Scientific expedition to Antarctica reveals stunning temperatures and local weather influence on Singapore

Standing on an ice sheet with only a t-shirt on his again, 52-year-old Professor Benjamin Horton definitely did not anticipate such weather throughout his journey to Antarctica. “The first couple of days, the climate was wonderful. The oceans had been like a mirror. We had wildlife, humpback whales, popping out (of the ocean),” mentioned the director of the Earth Observatory of Singapore. “I was overdressed.” Confidential experienced around 15 levels Celsius in the afternoon, which was not the sort of temperature one would count on to face within the South Pole.
Antarctica is the coldest, driest, and windiest continent on the planet. However, summer days could be surprisingly gentle and unpredictable. Their next day began with poor climate situations that prevented the group from disembarking from the boat.
Professor Horton and 26-year-old PhD student Tan Fang Yi were part of a Singapore scientific expedition to Antarctica to check sea stage rise. Their work included sampling past ice temperatures to make better projections of Antarctica’s glacier tipping point, often recognized as the marine ice sheet instability. Once the edge is crossed, scientists consider that efforts to chop greenhouse gas emissions again to pre-industrial levels might not be sufficient.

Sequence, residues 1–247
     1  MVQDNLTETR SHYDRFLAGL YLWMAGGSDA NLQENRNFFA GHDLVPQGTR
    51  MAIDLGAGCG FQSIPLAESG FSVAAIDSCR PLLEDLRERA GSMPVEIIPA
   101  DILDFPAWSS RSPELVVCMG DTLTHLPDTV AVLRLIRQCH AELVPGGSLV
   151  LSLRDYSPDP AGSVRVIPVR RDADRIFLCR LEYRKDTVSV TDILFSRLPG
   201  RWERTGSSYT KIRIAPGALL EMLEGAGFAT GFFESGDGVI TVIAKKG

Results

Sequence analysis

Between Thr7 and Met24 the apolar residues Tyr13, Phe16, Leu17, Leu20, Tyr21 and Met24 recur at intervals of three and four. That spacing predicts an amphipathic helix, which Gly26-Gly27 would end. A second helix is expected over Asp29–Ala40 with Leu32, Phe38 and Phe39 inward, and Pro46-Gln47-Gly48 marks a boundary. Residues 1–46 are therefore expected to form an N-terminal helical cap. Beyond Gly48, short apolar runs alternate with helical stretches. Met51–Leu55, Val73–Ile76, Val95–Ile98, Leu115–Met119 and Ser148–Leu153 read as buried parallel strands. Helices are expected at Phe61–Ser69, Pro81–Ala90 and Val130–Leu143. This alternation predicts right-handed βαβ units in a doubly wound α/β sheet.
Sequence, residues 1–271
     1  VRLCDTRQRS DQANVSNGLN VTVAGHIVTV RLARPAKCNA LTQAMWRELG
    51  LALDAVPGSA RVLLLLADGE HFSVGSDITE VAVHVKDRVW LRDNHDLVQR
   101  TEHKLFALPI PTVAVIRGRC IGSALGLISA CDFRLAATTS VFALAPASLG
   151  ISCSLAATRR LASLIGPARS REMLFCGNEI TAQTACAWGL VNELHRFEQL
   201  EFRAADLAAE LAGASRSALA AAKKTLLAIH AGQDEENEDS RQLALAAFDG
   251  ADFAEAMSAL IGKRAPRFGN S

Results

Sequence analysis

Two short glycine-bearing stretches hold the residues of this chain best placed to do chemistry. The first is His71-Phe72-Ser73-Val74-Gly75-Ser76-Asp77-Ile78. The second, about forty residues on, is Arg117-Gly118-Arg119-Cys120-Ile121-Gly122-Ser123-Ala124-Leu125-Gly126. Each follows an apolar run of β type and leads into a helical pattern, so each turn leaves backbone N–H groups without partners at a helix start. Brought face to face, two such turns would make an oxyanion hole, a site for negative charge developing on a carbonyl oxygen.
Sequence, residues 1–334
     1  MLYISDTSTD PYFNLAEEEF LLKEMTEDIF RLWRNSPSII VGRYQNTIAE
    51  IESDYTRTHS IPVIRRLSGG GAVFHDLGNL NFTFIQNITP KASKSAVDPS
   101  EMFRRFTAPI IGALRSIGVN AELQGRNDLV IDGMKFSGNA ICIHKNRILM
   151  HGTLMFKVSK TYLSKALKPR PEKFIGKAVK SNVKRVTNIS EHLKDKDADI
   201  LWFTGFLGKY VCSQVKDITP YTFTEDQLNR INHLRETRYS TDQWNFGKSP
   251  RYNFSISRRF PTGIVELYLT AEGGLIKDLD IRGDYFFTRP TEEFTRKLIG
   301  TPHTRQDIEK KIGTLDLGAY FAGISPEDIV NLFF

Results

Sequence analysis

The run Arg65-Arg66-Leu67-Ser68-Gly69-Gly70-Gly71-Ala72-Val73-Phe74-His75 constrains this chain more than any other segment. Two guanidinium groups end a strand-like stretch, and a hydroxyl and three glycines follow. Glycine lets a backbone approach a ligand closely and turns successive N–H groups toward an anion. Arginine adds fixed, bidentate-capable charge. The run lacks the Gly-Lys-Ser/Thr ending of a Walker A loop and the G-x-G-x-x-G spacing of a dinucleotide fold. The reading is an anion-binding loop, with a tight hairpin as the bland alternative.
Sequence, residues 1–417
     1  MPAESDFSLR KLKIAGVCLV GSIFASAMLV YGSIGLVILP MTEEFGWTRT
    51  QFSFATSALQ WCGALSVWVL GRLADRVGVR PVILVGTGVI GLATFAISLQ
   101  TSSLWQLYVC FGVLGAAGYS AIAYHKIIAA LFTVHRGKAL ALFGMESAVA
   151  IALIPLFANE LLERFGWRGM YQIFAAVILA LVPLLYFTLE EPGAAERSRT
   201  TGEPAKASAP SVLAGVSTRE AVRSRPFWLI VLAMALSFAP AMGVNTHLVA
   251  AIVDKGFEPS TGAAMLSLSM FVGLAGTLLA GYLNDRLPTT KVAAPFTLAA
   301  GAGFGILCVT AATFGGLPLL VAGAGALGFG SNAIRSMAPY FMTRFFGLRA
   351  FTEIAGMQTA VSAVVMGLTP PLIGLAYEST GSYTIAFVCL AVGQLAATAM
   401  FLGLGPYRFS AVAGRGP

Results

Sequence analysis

“Every low-lying coastal nation might be influenced by what’s taking place at the poles. That ice sheet has enough water contained inside its ice to boost global sea levels in excess of 60 metres. And when a 3rd of Singapore is only one metre above excessive tide, you presumably can see why it’s essential,” stated Professor Horton.
During the journey, the scientists also collected samples of Antarctica’s air and ocean water to raised perceive the means it might help regulate the Earth’s climate. They faced a number of challenges while conducting their experiments, including the want to work round harsh climate circumstances and preserving their footprint on the pristine landscape as minimal as possible.
Tan Fang Yi emphasised the importance of being versatile and resourceful during the expedition, stating, “I realised how flexible we now have to be when making an attempt to conduct experiments as a outcome of we really have to work across the situations and the climate. It’s not like in Singapore where I know (when) low tides are coming.”
Despite the challenges, visiting Antarctica was an important opportunity for the group. “For scientists like ourselves, having the opportunity to go to Antarctica really can’t be missed. But do folks need to go to Antarctica to see local weather change? No, they simply want to consider how scorching it’s in Singapore,” mentioned Professor Horton..

Leave a Comment